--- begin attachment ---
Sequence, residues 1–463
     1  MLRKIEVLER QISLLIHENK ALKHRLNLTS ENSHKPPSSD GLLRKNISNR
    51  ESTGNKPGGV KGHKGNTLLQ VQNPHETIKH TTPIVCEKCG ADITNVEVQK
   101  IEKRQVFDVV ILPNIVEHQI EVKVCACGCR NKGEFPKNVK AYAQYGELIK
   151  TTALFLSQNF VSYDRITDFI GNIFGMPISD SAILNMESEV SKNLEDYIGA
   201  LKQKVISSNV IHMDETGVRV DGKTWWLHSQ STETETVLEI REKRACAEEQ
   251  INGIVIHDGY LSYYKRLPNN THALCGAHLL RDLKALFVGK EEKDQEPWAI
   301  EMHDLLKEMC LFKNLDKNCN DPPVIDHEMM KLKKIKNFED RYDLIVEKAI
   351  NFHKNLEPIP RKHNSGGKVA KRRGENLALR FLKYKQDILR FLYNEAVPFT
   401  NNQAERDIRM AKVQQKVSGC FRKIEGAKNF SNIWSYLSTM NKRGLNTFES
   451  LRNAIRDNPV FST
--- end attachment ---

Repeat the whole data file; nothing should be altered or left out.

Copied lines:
Sequence, residues 1–463
     1  MLRKIEVLER QISLLIHENK ALKHRLNLTS ENSHKPPSSD GLLRKNISNR
    51  ESTGNKPGGV KGHKGNTLLQ VQNPHETIKH TTPIVCEKCG ADITNVEVQK
   101  IEKRQVFDVV ILPNIVEHQI EVKVCACGCR NKGEFPKNVK AYAQYGELIK
   151  TTALFLSQNF VSYDRITDFI GNIFGMPISD SAILNMESEV SKNLEDYIGA
   201  LKQKVISSNV IHMDETGVRV DGKTWWLHSQ STETETVLEI REKRACAEEQ
   251  INGIVIHDGY LSYYKRLPNN THALCGAHLL RDLKALFVGK EEKDQEPWAI
   301  EMHDLLKEMC LFKNLDKNCN DPPVIDHEMM KLKKIKNFED RYDLIVEKAI
   351  NFHKNLEPIP RKHNSGGKVA KRRGENLALR FLKYKQDILR FLYNEAVPFT
   401  NNQAERDIRM AKVQQKVSGC FRKIEGAKNF SNIWSYLSTM NKRGLNTFES
   451  LRNAIRDNPV FST